A Recovery Blog

This blog is about my continuing recovery from severe mental illness. I celebrate this recovery by continuing to write, by sharing my music and artwork and by exploring Buddhist ideas and concepts. I claim that the yin/yang symbol is representative of all of us because I have found that even in the midst of acute psychosis there is still sense, method and even a kind of balance. We are more resilient than we think. We can cross beyond the edge of the sane world and return to tell the tale. A deeper kind of balance takes hold when we get honest, when we reach out for help, when we tell our stories.

Sunday, August 3, 2008


I received a call today from a woman who wants me to paint a portrait of her granddaughter. Actually she called several days ago and left a message. She left her number, but not her name. It took me about an hour to prepare to call her because I am rather phone phobic in the last few years. When I did get the courage up to call her, a different woman answered the phone and didn’t know who I was. Luckily today I was home and identified the woman’s voice and picked up the phone. She is going to send me several photographs so that I can get a feel for her granddaughter’s features, but there is one particular picture that she wants me to paint. I am looking forward to the challenge of this. I think this project will pull me out of some of the negativity I’ve been falling into. Practical work is good for the soul.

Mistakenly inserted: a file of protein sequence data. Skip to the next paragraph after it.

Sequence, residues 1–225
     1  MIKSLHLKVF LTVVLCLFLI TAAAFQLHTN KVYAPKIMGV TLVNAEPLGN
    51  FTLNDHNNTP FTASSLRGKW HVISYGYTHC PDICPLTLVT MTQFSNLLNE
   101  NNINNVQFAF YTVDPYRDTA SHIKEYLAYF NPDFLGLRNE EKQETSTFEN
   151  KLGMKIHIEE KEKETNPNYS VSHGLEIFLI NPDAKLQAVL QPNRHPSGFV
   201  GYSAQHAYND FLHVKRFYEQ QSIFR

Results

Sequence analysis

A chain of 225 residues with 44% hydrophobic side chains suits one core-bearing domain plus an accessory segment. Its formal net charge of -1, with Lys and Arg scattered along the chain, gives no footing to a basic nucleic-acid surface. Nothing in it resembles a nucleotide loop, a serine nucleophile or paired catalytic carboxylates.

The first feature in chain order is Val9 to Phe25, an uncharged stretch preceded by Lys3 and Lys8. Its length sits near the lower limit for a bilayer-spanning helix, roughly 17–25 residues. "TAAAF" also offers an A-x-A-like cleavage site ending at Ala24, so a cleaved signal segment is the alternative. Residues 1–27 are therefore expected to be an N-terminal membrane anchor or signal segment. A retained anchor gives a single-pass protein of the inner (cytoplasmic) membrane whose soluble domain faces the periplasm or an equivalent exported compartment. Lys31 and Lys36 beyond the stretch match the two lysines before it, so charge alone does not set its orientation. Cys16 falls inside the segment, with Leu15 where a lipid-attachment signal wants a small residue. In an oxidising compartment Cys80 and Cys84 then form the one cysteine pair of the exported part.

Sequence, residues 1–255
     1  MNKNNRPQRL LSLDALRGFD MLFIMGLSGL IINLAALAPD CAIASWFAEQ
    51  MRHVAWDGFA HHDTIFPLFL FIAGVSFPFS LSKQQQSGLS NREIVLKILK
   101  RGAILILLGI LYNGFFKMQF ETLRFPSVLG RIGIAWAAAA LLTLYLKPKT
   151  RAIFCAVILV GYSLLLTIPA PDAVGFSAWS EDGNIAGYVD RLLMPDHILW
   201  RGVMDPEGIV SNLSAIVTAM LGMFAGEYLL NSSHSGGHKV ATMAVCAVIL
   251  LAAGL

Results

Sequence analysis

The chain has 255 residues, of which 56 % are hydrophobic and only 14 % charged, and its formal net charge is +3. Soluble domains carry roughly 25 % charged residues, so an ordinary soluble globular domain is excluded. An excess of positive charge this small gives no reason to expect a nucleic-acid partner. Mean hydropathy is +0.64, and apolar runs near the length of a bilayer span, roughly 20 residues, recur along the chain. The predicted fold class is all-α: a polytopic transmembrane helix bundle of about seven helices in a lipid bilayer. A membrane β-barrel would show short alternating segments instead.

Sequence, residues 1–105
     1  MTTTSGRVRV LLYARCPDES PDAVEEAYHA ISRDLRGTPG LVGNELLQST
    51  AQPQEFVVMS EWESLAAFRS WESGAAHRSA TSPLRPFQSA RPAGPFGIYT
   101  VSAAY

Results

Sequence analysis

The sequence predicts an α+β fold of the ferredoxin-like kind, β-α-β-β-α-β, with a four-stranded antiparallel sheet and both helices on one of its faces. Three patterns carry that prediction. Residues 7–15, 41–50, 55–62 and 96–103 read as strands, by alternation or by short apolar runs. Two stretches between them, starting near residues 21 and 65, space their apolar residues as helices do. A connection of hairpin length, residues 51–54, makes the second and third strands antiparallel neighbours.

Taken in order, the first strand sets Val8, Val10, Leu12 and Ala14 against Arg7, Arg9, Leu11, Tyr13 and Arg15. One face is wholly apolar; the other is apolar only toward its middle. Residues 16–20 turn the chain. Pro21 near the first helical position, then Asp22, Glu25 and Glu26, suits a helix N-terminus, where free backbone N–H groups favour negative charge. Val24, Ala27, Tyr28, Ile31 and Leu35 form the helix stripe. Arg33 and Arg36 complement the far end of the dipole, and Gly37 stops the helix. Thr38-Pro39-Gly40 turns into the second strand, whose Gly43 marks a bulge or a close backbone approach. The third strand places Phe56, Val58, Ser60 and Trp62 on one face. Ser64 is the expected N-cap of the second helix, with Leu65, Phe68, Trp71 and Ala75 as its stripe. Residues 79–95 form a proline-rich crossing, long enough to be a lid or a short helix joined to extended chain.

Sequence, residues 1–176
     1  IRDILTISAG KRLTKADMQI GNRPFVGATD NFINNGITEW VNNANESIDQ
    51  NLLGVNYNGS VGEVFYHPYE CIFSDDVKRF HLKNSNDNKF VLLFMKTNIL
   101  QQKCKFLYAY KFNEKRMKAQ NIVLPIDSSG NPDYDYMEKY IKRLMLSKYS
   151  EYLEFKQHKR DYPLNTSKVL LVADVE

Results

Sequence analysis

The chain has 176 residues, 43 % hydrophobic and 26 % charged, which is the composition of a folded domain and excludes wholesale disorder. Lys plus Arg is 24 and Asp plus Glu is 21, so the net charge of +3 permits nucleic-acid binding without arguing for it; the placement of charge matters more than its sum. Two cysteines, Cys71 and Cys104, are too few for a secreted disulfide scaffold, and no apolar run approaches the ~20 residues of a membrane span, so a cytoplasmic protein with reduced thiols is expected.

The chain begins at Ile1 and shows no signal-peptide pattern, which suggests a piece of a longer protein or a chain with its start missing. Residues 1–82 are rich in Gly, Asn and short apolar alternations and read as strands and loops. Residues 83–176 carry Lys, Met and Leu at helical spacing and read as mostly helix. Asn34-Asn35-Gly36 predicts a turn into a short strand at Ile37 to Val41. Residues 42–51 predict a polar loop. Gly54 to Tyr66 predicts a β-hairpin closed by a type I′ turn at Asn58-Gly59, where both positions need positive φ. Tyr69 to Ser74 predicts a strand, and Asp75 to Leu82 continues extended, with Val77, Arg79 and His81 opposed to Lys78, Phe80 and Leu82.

A few days ago I was feeling too detached, when Nancy called me on the phone. Despite my phone phobia, I quickly answered. She had called me once before, but I had felt too self-conscious to answer, but this time I knew I needed her help. She was warm and smart and funny and very willing to be my friend. She had cautioned me to follow the positive thoughts instead of the negative ones and she encouraged me to be my own best friend. She said she worked at being her own best friend using affirmations.